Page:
Basquiat’s Self-Portrait (1982)

No regular user of this site could fail to recognize that the arrow held in the outstretched arm below is a "paintbrush". It may look like an arrow but that's what paintbrushes can sometimes resemble in an artist's mind. Arrows are, in an archer's hands, accurate, swift, powerful, violent and able to penetrate the human body. See, for example, paintings of St. Sebastian under Brush and Palette. All visual poets seem to understand this though no writer on art, as far as I know, has ever noted it. Yet Jean-Michel Basquiat at the age of twenty-two had a deep, visceral understanding of art. 

He painted his Self-portrait (below) with one enormous right hand to indicate the importance of his craft, just as Michelangelo gave the Virgin enormous hands in his Vatican Pieta for the same reason. Basquiat then extended the other arm upwards like the painter he was, a gesture that poetic painters recognize as the arm reaching for the canvas. In his hand, though, he holds not a brush but an arrow. I like to think Basquiat is screaming, “This is a paintbrush”, at all those who see only an arrow. But he’d be wasting his breath.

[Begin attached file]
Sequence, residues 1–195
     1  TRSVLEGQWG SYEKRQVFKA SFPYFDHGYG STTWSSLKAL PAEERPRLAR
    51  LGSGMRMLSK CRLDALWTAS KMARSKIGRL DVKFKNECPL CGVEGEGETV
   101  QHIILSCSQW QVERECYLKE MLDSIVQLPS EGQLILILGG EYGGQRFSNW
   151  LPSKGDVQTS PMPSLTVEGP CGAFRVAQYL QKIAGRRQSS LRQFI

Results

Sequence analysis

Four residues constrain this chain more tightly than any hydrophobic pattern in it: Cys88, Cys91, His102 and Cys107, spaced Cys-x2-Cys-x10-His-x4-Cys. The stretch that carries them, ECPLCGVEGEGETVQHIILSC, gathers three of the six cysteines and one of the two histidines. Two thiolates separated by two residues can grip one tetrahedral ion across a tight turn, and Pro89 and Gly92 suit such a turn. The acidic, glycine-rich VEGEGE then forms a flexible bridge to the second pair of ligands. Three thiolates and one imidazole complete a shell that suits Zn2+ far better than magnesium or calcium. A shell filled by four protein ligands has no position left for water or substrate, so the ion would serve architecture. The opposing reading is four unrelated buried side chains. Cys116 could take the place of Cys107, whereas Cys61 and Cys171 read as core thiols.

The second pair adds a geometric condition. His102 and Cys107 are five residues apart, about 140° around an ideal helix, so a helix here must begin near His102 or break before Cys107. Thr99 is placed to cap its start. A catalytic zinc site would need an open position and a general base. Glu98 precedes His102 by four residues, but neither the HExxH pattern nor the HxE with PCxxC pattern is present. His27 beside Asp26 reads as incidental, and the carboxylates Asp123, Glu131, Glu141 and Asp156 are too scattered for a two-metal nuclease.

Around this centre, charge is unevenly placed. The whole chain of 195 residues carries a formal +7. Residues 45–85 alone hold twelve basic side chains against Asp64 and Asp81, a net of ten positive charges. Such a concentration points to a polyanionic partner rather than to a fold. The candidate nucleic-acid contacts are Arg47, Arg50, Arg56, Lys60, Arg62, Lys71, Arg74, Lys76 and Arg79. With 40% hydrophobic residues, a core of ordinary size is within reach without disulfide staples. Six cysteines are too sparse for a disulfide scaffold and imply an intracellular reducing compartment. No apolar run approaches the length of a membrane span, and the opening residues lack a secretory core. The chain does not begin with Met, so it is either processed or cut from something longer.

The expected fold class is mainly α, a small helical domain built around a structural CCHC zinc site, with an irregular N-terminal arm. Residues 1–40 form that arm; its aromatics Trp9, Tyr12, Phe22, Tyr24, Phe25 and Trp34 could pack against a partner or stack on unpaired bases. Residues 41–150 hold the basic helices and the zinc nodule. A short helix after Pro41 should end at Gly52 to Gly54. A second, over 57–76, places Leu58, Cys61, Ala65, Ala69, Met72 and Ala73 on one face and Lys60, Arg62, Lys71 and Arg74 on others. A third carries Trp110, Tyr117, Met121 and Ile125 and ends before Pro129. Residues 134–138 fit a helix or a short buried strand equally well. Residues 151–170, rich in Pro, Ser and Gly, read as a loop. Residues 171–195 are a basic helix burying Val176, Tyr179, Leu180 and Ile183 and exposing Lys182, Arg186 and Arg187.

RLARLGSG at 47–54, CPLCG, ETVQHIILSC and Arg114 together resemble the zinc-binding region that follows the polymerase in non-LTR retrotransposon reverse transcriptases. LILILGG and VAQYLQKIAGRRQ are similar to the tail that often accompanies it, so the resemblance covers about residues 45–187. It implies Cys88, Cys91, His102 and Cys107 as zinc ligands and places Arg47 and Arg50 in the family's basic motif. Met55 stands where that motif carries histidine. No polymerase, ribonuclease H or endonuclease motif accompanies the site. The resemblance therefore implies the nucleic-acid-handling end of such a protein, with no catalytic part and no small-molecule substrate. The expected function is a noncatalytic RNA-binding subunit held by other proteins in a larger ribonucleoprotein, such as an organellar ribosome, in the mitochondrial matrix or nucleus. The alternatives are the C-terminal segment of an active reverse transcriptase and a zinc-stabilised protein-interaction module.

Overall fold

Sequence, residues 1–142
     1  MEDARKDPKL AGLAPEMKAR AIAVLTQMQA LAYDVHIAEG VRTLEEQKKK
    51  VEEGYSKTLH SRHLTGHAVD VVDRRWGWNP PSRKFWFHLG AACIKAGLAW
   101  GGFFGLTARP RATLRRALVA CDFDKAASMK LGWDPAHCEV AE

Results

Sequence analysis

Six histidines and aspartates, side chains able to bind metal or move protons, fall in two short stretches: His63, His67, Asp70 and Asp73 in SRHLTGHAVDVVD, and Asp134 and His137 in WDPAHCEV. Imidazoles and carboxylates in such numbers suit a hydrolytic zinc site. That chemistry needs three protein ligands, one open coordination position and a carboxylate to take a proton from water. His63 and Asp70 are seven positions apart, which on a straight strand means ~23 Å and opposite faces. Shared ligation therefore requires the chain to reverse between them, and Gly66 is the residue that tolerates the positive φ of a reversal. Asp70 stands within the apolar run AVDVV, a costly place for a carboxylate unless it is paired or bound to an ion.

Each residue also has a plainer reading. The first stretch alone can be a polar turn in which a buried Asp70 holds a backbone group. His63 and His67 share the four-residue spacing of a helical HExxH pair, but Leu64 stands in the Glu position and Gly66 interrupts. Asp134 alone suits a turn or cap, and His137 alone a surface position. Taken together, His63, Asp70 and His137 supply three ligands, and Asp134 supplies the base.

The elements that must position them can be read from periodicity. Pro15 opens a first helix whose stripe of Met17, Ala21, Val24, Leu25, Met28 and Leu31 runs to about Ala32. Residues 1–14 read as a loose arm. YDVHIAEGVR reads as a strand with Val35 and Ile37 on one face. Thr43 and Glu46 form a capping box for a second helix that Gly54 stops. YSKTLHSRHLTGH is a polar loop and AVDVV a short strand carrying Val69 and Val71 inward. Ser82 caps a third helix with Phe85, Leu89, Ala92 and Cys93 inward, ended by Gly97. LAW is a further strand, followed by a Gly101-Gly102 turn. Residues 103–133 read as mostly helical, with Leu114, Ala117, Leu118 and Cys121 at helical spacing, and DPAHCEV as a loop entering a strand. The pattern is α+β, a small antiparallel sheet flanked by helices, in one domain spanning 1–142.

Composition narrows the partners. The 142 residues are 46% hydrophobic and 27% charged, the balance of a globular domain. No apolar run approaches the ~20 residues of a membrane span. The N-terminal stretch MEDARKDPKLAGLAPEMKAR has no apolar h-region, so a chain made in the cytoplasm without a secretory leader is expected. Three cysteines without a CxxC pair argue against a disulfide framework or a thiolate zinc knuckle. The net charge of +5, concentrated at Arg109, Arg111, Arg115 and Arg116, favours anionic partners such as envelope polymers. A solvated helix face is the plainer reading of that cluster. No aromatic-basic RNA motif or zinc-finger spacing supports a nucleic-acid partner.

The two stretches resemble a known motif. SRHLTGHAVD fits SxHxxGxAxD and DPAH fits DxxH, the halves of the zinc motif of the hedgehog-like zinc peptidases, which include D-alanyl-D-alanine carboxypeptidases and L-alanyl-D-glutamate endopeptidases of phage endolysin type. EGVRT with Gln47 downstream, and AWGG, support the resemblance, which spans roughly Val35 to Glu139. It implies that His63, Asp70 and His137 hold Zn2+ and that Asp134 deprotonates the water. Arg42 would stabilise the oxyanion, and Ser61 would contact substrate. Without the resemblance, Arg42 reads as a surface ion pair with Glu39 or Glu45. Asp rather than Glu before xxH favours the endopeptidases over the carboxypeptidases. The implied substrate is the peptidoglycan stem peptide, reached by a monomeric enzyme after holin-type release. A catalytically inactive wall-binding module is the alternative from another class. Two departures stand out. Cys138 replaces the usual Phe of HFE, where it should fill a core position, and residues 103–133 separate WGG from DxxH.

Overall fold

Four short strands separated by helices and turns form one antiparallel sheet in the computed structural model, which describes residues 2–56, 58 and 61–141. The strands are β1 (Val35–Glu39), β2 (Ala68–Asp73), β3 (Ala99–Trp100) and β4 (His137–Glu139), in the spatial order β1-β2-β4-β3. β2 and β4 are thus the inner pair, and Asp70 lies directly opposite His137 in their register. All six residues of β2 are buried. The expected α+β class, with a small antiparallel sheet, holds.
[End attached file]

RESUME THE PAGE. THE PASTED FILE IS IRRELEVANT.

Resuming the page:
Captions for image(s) above:

Basquiat, Self-Portrait (1982) Acrylic and crayon. Private Collection.

Click image to enlarge.

Notes:

Original Publication Date on EPPH: 20 Nov 2010. © Simon Abrahams. Articles on this site are the copyright of Simon Abrahams. To use copyrighted material in print or other media for purposes beyond 'fair use', you must obtain permission from the copyright owner. Websites may link to this page without permission (please do) but may not reproduce the material on their own site without crediting Simon Abrahams and EPPH.